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Originally SpaceX was intended to provide a liquid-fuelled rocket to serve as the means of lifting the Stratolaunch payload delivery vehicle into space by launching it at high altitude from under the carrier aircraft, but collaboration with SpaceX was abandoned in late 2012.

In November 2012, #Stratolaunch retained Orbital ATK on a "study contract" to develop and evaluate "several alternative configurations" for the vehicle to be launched from the carrier aircraft.

By early 2013, Orbital ATK was under contract to develop the Pegasus II for the Stratolaunch space vehicle launch component: The Pegasus II was expected to be able to deliver up to 6,100 kilograms (13,500 lb) to low Earth orbit.

In May 2014, it was announced that the Pegasus II solid-fuel rocket was not achieving design economic goals and that Stratolaunch had contracted with Aerojet Rocketdyne to build the RL10C-1 dual-motor liquid fuel engines for the launch vehicle.
In October 2016, it was announced that "multiple" Pegasus XL rockets would be used by Stratolaunch.

It was announced on September 13, 2017 that Stratolaunch had signed an agreement with NASA to providing testing services to support propulsion for a vehicle. It was noted that Stratolaunch hired Jeff Thornburg as vice president of propulsion. Thornberg had worked both on the J-2X engine for NASA and helped develop the Raptor rocket engine at SpaceX. The implication is Stratolaunch has decided to go its own way in developing a launch vehicle. The NASA agreement stated that Stratolaunch plans to deliver the test device for “testing of its propulsion system test article element 1” at NASA's Stennis E1 test stand by the end of May 2018. The test series is scheduled to be completed by the end of 2018.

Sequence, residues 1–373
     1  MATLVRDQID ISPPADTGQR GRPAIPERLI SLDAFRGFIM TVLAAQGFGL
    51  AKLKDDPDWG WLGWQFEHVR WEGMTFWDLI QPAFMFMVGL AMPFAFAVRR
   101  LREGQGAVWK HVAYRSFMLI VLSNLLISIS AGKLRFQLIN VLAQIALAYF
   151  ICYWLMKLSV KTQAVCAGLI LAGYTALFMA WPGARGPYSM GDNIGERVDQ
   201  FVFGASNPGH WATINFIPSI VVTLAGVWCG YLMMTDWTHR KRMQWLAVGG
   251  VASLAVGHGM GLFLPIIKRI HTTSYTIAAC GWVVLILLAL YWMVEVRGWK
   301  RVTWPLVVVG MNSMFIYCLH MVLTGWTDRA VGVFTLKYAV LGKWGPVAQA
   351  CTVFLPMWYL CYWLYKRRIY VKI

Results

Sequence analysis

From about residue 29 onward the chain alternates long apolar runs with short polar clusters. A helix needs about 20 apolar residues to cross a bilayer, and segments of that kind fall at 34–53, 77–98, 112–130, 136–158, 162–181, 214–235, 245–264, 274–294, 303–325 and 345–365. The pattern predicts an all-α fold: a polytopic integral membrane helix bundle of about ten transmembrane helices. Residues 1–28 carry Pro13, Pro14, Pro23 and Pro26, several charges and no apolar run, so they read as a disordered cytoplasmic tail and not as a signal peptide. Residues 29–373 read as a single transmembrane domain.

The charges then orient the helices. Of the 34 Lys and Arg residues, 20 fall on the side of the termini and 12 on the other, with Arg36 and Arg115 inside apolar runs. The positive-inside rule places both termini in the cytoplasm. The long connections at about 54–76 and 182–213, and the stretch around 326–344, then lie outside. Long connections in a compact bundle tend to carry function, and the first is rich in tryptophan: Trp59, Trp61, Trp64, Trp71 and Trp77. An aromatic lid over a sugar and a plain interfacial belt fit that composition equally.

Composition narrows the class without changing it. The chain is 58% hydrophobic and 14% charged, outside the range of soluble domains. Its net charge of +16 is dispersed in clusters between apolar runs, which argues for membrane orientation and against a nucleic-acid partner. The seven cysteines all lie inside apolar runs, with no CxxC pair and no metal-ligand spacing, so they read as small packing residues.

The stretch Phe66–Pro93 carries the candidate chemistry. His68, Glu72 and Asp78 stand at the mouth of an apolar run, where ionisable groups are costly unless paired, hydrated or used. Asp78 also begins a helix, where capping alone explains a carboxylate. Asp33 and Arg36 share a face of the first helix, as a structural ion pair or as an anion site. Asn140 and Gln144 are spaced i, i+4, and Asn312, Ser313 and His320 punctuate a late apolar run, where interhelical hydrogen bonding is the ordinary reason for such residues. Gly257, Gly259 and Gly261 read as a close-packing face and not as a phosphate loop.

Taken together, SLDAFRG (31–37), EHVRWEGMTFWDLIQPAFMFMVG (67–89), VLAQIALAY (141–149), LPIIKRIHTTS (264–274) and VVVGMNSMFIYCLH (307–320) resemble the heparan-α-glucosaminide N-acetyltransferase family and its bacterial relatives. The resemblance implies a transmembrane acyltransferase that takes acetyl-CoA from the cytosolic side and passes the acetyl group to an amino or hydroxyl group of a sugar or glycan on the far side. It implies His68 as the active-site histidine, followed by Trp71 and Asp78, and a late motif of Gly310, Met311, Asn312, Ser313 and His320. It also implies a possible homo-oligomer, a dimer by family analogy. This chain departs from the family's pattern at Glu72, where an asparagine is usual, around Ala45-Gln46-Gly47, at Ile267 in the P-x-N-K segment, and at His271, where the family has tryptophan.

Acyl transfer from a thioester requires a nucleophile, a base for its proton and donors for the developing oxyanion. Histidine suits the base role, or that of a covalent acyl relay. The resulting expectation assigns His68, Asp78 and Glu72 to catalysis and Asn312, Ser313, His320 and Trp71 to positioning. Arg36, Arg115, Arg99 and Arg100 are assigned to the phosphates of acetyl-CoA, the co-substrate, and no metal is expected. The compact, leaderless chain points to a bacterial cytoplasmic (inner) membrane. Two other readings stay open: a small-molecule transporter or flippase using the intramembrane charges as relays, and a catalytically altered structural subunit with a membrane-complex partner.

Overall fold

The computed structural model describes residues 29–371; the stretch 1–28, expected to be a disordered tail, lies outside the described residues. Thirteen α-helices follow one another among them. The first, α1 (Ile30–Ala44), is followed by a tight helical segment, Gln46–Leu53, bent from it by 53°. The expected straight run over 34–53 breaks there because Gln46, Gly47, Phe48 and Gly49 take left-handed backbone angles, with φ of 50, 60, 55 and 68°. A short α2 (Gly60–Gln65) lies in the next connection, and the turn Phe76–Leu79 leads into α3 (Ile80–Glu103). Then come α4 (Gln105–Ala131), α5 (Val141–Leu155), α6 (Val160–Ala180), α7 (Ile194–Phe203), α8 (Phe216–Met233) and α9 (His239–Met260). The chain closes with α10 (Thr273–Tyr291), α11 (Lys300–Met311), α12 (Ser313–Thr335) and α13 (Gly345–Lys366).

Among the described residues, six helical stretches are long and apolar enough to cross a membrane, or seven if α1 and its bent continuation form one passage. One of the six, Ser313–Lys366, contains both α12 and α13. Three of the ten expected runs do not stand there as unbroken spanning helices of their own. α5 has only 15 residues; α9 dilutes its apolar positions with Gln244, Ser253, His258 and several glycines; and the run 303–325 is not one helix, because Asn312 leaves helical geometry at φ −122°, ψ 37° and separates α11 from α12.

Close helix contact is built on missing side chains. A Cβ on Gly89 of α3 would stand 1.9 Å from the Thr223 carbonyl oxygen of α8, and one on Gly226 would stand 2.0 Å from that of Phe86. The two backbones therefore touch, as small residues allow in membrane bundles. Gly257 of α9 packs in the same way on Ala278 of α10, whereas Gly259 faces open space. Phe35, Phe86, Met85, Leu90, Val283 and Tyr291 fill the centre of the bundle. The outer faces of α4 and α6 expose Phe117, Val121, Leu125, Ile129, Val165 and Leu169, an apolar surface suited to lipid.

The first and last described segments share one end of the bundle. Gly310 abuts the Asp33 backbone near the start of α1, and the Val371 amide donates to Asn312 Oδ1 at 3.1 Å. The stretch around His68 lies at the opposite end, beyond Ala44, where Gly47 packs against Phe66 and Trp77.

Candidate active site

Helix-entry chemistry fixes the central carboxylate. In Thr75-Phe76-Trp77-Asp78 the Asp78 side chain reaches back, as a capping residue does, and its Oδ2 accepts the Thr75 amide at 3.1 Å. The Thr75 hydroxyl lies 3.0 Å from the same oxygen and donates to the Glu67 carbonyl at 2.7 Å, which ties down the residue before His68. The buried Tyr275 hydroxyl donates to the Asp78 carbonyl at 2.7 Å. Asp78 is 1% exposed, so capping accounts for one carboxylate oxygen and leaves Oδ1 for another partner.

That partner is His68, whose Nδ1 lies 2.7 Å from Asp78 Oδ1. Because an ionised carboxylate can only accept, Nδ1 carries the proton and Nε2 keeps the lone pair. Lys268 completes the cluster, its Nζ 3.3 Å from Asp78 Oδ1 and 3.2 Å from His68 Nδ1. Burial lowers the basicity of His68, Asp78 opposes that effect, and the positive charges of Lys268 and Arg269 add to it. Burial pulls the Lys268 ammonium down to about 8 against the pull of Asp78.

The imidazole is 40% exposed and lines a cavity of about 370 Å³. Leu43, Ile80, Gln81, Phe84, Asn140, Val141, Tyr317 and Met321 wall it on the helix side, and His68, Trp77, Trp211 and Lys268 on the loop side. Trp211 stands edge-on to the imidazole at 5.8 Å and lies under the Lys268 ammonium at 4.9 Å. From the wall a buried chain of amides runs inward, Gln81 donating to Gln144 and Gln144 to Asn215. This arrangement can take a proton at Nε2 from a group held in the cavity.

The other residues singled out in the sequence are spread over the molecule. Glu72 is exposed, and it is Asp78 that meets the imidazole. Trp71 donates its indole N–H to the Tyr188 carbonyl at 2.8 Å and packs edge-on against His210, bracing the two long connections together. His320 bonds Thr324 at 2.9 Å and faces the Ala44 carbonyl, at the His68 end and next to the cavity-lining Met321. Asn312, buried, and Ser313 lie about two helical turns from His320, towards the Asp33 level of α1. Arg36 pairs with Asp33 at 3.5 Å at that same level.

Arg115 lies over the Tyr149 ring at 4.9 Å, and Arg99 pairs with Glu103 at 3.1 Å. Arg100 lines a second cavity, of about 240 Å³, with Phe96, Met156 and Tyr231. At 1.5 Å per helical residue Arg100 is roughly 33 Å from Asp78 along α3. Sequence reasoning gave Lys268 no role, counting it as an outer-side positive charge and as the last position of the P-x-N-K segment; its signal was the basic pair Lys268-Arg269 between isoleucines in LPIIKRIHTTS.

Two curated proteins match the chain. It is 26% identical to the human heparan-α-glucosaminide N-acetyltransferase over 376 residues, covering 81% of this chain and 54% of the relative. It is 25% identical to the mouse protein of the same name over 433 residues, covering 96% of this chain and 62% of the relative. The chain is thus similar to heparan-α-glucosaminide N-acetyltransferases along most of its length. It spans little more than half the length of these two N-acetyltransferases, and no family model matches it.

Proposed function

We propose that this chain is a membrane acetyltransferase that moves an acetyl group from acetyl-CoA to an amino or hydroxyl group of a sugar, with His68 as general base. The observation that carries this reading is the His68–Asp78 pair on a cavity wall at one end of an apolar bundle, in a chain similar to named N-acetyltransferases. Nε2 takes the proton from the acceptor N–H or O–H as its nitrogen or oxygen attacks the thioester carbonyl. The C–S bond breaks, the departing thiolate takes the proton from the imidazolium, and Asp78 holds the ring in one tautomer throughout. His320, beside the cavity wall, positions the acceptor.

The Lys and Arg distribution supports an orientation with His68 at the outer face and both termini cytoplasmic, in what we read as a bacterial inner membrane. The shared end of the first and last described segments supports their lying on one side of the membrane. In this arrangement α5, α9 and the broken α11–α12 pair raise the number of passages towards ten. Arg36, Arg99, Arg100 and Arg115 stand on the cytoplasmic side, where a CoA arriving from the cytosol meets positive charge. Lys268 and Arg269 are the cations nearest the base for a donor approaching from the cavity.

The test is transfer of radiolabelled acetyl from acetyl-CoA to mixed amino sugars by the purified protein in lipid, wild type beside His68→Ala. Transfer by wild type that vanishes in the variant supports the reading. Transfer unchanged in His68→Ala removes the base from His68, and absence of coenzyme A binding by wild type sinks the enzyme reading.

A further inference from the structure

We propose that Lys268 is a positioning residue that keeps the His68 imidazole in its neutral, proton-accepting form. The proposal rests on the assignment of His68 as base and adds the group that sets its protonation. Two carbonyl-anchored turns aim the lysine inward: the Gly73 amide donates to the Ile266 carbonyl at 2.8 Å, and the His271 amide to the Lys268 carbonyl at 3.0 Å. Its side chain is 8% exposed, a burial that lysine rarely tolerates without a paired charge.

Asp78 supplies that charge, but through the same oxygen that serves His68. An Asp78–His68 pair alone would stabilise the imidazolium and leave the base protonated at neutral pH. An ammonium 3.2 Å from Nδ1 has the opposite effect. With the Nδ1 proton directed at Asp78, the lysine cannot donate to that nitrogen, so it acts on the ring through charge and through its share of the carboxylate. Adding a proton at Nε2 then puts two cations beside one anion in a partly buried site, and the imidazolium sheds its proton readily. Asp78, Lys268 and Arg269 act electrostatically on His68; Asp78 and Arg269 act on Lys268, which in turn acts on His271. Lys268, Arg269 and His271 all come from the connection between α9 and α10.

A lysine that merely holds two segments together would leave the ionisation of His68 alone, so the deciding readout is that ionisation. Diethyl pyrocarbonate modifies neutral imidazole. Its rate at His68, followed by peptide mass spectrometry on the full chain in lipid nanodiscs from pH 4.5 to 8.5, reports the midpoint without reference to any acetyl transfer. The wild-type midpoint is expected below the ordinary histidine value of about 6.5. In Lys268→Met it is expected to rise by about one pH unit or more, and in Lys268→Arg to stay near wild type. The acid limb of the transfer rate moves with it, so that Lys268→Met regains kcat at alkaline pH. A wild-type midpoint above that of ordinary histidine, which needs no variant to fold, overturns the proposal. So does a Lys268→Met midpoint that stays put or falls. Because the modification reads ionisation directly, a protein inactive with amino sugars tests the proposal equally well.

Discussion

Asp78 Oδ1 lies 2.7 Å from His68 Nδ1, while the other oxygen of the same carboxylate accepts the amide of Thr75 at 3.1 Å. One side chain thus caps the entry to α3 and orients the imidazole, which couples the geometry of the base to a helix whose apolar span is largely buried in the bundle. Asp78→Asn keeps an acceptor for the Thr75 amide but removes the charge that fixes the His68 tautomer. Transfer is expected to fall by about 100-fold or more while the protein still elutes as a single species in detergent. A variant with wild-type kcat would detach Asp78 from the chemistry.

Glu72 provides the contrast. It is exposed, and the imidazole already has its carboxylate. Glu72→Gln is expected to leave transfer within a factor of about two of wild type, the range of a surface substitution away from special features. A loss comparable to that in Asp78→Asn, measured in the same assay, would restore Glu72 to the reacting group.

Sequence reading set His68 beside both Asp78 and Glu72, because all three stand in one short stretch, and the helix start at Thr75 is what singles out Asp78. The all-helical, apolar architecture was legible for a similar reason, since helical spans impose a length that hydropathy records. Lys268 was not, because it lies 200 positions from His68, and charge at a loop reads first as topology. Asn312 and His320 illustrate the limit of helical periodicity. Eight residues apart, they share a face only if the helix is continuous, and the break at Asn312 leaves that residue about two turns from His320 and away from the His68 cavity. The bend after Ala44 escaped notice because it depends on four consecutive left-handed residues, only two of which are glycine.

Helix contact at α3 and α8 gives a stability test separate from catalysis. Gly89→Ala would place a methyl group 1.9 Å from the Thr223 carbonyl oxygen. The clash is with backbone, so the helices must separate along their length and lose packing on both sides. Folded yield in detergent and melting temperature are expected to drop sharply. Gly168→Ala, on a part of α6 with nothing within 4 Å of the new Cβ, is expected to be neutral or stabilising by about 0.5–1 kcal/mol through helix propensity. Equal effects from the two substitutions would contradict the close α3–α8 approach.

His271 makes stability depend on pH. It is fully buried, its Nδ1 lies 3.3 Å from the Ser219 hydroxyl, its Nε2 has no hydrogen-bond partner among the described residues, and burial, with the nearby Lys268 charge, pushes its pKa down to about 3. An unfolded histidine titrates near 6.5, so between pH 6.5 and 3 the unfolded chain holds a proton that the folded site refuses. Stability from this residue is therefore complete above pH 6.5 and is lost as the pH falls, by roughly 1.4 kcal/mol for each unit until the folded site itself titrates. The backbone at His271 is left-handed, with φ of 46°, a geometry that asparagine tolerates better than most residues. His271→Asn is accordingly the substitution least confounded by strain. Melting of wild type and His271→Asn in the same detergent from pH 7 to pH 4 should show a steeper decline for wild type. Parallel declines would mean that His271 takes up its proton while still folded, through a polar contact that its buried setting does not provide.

It was announced on September 13, 2017 that Stratolaunch had signed an agreement with NASA to providing testing services to support propulsion for a vehicle. It was noted that Stratolaunch hired Jeff Thornburg as vice president of propulsion. Thornberg had worked both on the J-2X engine for NASA and helped develop the Raptor rocket engine at SpaceX. The implication is Stratolaunch has decided to go its own way in developing a launch vehicle. The #NASA agreement stated that Stratolaunch plans to deliver the test device for “testing of its propulsion system test article element 1” at NASA's Stennis E1 test stand by the end of May 2018. The test series is scheduled to be completed by the end of 2018.

https://en.wikipedia.org/wiki/Stratolaunch_Systems#Launch_vehicle
https://twitter.com/Stratolaunch
http://stratolaunch.com
#Stratolaunch 

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